Dec 02, 2015

The Ultimate Guide to Planning Your 2016 Editorial Calendar [SlideShare]

blog_Editorial Calendar Planning

As the books close on another year, some marketers and PR pros may be tempted to sit back and relax until January 1st, pleased with the goals they hit in 2015.

However, the content landscape is increasingly competitive and the demand on marketing and PR to drive more revenue is always on the rise.

If you aren’t already planning 2016’s content calendar, you may be disappointed with your progress this time next year.

In the research report Promoting Your Content Marketing, Content Marketing Institute’s Robert Rose shares that 95% of the most effective content marketers have a strategy vs. 55% of the least effective. Furthermore, 54% of the most effective content marketers have documented this strategy.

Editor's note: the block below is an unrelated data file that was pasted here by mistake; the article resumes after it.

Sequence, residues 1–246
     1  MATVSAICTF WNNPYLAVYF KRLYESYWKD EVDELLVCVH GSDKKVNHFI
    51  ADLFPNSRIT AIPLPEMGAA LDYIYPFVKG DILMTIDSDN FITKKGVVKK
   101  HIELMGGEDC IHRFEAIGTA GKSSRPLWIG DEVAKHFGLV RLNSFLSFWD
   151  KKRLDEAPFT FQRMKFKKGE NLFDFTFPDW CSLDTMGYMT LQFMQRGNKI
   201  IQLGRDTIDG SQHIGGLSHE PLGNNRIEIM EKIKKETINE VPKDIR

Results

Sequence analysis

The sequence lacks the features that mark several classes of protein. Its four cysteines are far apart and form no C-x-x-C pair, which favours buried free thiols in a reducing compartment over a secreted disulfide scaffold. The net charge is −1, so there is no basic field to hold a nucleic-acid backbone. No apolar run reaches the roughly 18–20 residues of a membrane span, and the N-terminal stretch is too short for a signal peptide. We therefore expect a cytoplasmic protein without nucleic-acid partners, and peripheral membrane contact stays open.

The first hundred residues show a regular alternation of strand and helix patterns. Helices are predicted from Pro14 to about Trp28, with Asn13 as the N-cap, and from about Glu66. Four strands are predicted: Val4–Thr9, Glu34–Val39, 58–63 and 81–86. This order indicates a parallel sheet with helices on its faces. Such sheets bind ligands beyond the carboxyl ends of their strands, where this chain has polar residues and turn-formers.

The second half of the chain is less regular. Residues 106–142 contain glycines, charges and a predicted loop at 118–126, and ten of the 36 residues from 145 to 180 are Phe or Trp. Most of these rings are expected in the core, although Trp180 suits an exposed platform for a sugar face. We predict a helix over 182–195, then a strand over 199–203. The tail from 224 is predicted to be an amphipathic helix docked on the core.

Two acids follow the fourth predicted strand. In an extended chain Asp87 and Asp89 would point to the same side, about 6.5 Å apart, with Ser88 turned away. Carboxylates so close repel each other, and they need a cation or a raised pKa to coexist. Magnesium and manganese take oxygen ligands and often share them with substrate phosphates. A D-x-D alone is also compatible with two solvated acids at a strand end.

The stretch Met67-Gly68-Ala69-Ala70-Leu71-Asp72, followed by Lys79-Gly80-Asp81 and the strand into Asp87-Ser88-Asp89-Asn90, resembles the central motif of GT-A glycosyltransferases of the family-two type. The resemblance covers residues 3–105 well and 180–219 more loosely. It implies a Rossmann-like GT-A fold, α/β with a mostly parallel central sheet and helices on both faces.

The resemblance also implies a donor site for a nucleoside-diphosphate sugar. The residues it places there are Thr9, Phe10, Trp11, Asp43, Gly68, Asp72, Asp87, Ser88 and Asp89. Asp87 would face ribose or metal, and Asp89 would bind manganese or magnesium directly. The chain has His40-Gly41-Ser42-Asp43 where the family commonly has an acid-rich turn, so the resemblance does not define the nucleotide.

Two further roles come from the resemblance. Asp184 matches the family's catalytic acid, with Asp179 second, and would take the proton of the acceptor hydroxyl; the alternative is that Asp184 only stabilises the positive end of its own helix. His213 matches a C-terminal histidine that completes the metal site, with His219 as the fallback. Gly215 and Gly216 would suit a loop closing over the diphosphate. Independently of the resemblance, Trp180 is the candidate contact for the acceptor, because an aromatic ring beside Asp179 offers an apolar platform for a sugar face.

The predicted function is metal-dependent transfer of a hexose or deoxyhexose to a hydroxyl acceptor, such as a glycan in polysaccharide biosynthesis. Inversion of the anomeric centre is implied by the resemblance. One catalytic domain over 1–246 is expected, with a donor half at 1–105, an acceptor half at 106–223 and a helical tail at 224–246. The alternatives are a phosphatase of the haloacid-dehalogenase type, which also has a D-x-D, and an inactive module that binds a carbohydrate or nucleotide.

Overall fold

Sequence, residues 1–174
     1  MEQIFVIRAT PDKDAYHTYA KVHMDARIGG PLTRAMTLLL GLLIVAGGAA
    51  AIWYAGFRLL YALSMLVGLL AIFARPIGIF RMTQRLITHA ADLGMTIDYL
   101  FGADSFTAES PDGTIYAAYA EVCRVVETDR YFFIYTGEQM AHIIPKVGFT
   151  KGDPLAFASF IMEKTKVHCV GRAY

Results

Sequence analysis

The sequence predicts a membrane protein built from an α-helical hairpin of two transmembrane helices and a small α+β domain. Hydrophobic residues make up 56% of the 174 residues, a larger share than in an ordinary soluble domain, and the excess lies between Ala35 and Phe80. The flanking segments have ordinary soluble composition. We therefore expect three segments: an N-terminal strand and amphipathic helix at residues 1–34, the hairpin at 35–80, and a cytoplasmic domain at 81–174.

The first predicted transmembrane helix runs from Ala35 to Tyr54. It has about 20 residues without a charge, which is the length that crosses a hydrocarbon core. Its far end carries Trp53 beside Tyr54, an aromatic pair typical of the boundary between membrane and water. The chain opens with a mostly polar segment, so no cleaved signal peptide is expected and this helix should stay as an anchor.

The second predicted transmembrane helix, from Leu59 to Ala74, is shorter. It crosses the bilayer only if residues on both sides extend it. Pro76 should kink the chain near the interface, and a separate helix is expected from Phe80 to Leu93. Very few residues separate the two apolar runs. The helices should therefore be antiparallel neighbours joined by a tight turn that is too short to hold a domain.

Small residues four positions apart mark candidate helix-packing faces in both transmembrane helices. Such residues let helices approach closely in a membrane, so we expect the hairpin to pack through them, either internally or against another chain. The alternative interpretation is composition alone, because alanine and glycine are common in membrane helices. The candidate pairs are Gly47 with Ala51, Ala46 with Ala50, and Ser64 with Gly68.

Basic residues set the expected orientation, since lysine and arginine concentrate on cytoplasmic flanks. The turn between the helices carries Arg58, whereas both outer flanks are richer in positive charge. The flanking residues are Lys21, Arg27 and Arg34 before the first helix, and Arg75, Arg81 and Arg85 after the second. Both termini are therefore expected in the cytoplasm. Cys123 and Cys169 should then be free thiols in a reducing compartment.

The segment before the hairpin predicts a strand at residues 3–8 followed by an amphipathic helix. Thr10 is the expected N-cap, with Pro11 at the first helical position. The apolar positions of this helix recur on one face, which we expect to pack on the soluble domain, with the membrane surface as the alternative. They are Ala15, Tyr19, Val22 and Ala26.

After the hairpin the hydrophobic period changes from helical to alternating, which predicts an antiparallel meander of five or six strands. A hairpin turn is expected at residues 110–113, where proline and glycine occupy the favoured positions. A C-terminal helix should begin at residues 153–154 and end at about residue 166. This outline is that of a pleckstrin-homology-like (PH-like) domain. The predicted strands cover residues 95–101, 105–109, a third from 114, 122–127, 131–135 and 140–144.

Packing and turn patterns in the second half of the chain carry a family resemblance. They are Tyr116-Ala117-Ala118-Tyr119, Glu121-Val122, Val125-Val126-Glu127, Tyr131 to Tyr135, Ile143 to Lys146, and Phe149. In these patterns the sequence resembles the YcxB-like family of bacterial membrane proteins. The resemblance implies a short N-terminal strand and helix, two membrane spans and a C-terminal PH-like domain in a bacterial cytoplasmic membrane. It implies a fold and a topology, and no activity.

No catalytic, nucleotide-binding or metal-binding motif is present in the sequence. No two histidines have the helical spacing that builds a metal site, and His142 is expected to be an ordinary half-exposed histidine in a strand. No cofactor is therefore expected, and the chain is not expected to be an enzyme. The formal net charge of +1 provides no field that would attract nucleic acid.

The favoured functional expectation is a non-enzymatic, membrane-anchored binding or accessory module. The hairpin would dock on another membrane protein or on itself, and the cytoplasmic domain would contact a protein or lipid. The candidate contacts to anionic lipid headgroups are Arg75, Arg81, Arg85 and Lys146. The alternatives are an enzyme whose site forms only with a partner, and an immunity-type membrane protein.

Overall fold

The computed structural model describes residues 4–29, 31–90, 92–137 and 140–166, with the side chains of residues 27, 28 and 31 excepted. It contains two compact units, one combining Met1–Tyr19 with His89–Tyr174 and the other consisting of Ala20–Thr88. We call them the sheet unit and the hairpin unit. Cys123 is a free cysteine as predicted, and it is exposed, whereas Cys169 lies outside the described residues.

Read on for a step-by-step guide to planning your content and press release strategy for the year ahead. Then check out our sample editorial calendar at the end of the blog post to get started.

Step 1: Understand the Big Picture

When considering your strategy for the coming year, the #1 rule to remember is that these are not individual campaigns you’re planning. Your communications don’t exist in a vacuum. Every white paper, every tweet, every blog post, every press release – it’s all a piece of your brand’s PR and marketing program.

Take a holistic approach and connect content together. You will be more likely to achieve the cohesion and consistency your audience craves. That means balancing the specific topics, content formats, and content types (i.e. traditional corporate news vs. informational content) you use.